Having failed to serve up a winner with ‘The Big Family Cooking Showdown’, the BBC’s second roll of the dice in replacing ‘The Great British Bake Off’ has arrived in the form of ‘Britain’s Best Home Cook’.
Airing on primetime BBC One, bosses are hoping to capture the nation’s attention (and hearts) with a brand new cookery series - although much of it may seem more than a tad familiar.
Ahead of the first episode, let’s get you up to speed on ‘Britain’s Best Home Cook’...
What is the aim of the show?
‘Britain’s Best Home Cook’ has been billed as the “ultimate immersive cooking competition” that aims to find - you guessed it - the nation’s best home cook.
What that means is, the judges are not looking for top restaurant cuisine or a demonstration of fancy chef skills, but the ability to make a hearty British meal with fresh, everyday ingredients.
Who is judging?
Mary Berry makes her first return to judging following her exit from ‘The Great British Bake Off’ last year, acting as Head Judge on ‘Britain’s Best Home Cook’.
She is joined on the panel by former market trader and produce expert-turned presenter Chris Bavin, and rising star on the London restaurant scene Dan Doherty, who is chef director at top eatery Duck & Waffle.
Prior to the series airing, Dan found himself in hot water when a series of anti-gay slurs were unearthed on his Twitter account and he was forced to say sorry.
“I would like to apologise unreservedly for the language used in these tweets from four years ago and have now deleted them,” he said. “These tweets are not a reflection of my beliefs and I deeply regret any offence caused.”
Who is hosting?
Claudia Winkleman is on hand to oversee proceedings, as well as handing out words of encouragement and providing a shoulder to cry on for the contestants. Do doubt she will also be delivering plenty of her best one liners too.
How does the show work?
There are 10 chefs at the start of the competition, and each week they are set two group challenges.
The first - called the ‘Ultimate’ round - sees contestants set a theme where they have to cook anything from their ultimate burger or their ultimate chocolate pudding. Each judge then picks their top cook from the round, meaning as many as three contestants could emerge victorious.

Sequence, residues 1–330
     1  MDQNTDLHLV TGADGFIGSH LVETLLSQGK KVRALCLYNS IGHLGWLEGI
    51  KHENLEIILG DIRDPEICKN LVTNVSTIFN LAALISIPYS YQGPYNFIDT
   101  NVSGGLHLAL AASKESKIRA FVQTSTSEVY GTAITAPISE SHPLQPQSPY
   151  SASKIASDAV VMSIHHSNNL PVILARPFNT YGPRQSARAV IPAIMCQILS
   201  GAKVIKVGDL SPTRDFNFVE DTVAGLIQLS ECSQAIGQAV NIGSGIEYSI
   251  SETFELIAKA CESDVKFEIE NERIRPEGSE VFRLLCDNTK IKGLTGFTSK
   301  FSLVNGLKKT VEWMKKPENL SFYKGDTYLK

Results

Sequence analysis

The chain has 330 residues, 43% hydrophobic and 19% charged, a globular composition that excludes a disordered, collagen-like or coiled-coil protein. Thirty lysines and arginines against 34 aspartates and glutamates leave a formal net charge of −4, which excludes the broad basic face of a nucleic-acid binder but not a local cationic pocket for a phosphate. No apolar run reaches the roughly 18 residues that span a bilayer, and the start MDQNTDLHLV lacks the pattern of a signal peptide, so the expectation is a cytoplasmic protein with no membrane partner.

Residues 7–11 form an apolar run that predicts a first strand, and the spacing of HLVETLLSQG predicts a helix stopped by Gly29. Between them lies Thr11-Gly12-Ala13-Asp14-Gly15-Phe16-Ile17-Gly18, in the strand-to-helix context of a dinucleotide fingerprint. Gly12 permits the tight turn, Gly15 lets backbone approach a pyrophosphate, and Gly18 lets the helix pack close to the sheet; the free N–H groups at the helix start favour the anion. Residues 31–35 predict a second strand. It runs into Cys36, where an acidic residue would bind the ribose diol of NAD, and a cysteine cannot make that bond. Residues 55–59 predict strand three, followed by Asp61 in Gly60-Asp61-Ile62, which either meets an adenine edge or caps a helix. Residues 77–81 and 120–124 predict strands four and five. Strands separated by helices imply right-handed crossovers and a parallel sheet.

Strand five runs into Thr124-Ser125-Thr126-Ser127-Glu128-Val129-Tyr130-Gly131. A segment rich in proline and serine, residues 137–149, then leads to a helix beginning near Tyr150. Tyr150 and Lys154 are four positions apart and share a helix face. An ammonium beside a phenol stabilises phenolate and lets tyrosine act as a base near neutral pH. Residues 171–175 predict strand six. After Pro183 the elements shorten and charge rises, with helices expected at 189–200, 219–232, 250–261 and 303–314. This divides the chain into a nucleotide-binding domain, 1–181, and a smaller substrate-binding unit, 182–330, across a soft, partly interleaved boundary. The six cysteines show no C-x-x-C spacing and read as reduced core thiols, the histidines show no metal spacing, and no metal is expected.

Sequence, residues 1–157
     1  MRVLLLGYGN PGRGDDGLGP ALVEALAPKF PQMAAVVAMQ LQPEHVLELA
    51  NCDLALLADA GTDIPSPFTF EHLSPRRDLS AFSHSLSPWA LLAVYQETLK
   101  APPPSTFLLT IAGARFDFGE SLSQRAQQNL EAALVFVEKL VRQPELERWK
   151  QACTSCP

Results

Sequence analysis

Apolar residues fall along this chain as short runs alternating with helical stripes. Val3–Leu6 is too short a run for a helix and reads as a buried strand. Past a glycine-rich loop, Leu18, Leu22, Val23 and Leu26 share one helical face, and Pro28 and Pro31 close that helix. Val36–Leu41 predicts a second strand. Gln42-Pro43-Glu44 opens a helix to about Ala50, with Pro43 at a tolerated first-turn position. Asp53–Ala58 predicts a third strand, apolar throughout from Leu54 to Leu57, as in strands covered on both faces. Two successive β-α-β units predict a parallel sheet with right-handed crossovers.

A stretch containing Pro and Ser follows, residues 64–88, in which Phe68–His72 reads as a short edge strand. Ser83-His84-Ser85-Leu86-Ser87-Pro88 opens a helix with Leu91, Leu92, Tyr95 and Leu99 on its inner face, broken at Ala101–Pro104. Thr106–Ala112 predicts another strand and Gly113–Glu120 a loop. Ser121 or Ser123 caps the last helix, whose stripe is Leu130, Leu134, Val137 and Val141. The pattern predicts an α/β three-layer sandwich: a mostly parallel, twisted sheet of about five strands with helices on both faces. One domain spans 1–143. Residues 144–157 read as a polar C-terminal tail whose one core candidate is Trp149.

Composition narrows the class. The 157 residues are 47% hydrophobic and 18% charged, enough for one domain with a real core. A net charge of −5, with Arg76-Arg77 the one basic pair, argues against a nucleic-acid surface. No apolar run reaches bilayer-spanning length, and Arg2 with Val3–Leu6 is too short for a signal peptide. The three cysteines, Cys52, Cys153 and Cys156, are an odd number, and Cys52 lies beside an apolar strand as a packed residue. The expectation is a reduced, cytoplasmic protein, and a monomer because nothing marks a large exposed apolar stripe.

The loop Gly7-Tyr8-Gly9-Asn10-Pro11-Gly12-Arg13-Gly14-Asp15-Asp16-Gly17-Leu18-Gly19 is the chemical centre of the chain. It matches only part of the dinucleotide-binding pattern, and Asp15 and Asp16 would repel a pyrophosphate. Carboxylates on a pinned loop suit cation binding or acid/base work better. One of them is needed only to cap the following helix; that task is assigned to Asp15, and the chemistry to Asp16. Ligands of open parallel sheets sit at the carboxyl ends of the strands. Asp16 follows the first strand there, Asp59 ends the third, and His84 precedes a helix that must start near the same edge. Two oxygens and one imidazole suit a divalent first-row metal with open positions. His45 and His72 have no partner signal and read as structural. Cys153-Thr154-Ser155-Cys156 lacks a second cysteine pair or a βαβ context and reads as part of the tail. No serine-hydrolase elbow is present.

All 10 chefs then compete in the second round, the ‘Cooks Challenge’.
This sees the winning contestant/s from round one pick one key ingredient, which they all must then invent a dish around. If there was more than one winner, they have to agree on what the ingredient will be.
They are allowed to then go home and research cookery books for ideas, but when they get back into the kitchen, all of the other ingredients will have been chosen by the judges, forcing them to think on their feet to come up with the best dish.
The judges then pick a number of cooks who are safe, and the remaining ones must compete in the elimination round.
This sees them all given a set of an ingredients and a recipe to follow, cooking up the dish in a set amount of time. The judges then taste their efforts without giving any feedback, before ultimately deciding who will be sent home.
With the contestants all given the chance to personalise their workstations with their own photos, utensils and knick-knacks, the eliminee is then asked to pack up their things and leave the kitchen. Heartbreaking.
In another twist, all the contestants live together in an ‘Apprentice’-style mansion away from their family and friends during filming, bringing an extra element of pressure to proceedings.
How does it differ to other cookery competitions?
We’d go out on a limb to say it probably doesn’t deviate too far from the tried-and-tested ‘Bake Off’ format (although there’s also different enough to keep lawyers off their backs).
But Mary claims it is the “simplicity” of the show that will set it apart from others, as she is not looking for “zig zags or smears” on plates, and certainly doesn’t want to see any “towers”.
She says: “All we want are the best home cooks. We don’t want complicated recipes or too many ingredients because they’re not achievable.
“If you think of your friends who cook, the people that cook the most amazing meals are not necessarily frightfully complicated, they are often very simple things beautifully done, and every texture, flavour and sauce is just sheer perfection.”
Chris adds: “You’re going to get everything you want from a cooking show and lots more. There’s all the drama of a cooking competition, it’s an elimination so there’s going to be tears, laughter, love, happiness.”
When it is on?
‘Britain’s Best Home Cook’ begins on Thursday (3 May) at 8pm on BBC One, continuing over the next seven weeks.